Cars powered by a hydrogen fuel cell aren’t little Hindenburgs just waiting to explode. Because the gas is so light, any puncture or damage to the fuel cell would mean the hydrogen would just escape into the air. It's unlikely it would be sitting around long enough to combust in the event of an accident. This is different to petrol or diesel powered vehicles where a punctured fuel tank would lead to fuel pooling beneath the car.

Toyota Mirai

Today's hydrogen fuel tanks are also made from highly durable carbon fibre, the strength is assessed not only in crash tests but also in trials that involves bullets being fired at the tanks. Toyota’s Mirai has other safeguards, including structural integrity to protect the tanks and electronic systems that are programmed to shut down any hydrogen lines in the car if a leak is detected.

Many car manufacturers are planning for a hydrogen future but some, such as Jaguar Land Rover, are sticking solidly by their electric vehicle plans. There’s no doubt hydrogen is going to play a part in the future of transportation but it’s going to have to combat against an already established and rapidly growing electric vehicle market.

As was the case with electric cars a few years ago, the infrastructure needs to grow before mass-produced hydrogen vehicles are going to be seen regularly on our roads.

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May 13, 2021

All but two UK regions failing on school energy efficiency

Dominic Ellis
2 min
Yorkshire & the Humber and the North East are the only UK regions where schools have collectively reduced how much they spend on energy per pupil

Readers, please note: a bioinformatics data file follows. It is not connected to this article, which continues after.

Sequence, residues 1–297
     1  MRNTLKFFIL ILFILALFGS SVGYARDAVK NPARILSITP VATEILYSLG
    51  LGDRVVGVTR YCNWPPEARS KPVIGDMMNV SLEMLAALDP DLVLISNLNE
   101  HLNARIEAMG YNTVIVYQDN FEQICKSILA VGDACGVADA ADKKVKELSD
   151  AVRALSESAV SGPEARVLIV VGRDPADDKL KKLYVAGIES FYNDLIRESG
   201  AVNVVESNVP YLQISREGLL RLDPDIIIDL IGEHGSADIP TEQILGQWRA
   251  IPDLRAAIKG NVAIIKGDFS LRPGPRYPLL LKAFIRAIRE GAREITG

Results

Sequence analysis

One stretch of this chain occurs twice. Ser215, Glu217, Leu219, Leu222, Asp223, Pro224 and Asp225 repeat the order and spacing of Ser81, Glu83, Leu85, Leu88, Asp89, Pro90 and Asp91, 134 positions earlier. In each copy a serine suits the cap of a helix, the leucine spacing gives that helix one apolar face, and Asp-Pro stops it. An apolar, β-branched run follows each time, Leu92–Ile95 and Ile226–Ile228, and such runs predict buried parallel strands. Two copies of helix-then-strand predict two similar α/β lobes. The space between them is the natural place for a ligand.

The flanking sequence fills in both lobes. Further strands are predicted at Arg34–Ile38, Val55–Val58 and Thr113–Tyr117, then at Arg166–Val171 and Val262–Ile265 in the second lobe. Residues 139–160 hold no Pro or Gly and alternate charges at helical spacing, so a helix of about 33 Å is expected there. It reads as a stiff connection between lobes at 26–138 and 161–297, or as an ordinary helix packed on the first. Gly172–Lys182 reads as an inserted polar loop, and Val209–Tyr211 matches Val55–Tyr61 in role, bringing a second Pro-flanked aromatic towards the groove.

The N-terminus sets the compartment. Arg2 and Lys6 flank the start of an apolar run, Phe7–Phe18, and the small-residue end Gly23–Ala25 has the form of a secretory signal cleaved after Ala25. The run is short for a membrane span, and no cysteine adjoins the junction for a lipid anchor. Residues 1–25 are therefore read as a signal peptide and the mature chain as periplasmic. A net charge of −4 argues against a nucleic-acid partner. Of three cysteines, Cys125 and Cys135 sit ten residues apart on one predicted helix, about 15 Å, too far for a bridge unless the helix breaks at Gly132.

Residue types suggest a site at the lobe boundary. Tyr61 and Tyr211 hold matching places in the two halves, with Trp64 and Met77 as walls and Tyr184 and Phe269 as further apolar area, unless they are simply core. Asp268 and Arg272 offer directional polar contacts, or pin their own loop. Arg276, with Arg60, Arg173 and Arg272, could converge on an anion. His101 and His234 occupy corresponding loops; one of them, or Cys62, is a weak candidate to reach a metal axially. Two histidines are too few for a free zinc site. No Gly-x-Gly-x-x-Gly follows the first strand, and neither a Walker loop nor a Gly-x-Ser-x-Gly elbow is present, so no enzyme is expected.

Most schools are still "treading water" on implementing energy efficient technology, according to new analysis of Government data from eLight.

Yorkshire & the Humber and the North East are the only regions where schools have collectively reduced how much they spend on energy per pupil, cutting expenditure by 4.4% and 0.9% respectively. Every other region of England increased its average energy expenditure per pupil, with schools in Inner London doing so by as much as 23.5%.

According to The Carbon Trust, energy bills in UK schools amount to £543 million per year, with 50% of a school’s total electricity cost being lighting. If every school in the UK implemented any type of energy efficient technology, over £100 million could be saved each year.

Harvey Sinclair, CEO of eEnergy, eLight’s parent company, said the figures demonstrate an uncomfortable truth for the education sector – namely that most schools are still treading water on the implementation of energy efficient technology. Energy efficiency could make a huge difference to meeting net zero ambitions, but most schools are still lagging behind.

“The solutions exist, but they are not being deployed fast enough," he said. "For example, we’ve made great progress in upgrading schools to energy-efficient LED lighting, but with 80% of schools yet to make the switch, there’s an enormous opportunity to make a collective reduction in carbon footprint and save a lot of money on energy bills. Our model means the entire project is financed, doesn’t require any upfront expenditure, and repayments are more than covered by the energy savings made."

He said while it has worked with over 300 schools, most are still far too slow to commit. "We are urging them to act with greater urgency because climate change won’t wait, and the need for action gets more pressing every year. The education sector has an important part to play in that and pupils around the country expect their schools to do so – there is still a huge job to be done."

North Yorkshire County Council is benefiting from the Public Sector Decarbonisation Scheme, which has so far awarded nearly £1bn for energy efficiency and heat decarbonisation projects around the country, and Craven schools has reportedly made a successful £2m bid (click here).

The Department for Education has issued 13 tips for reducing energy and water use in schools.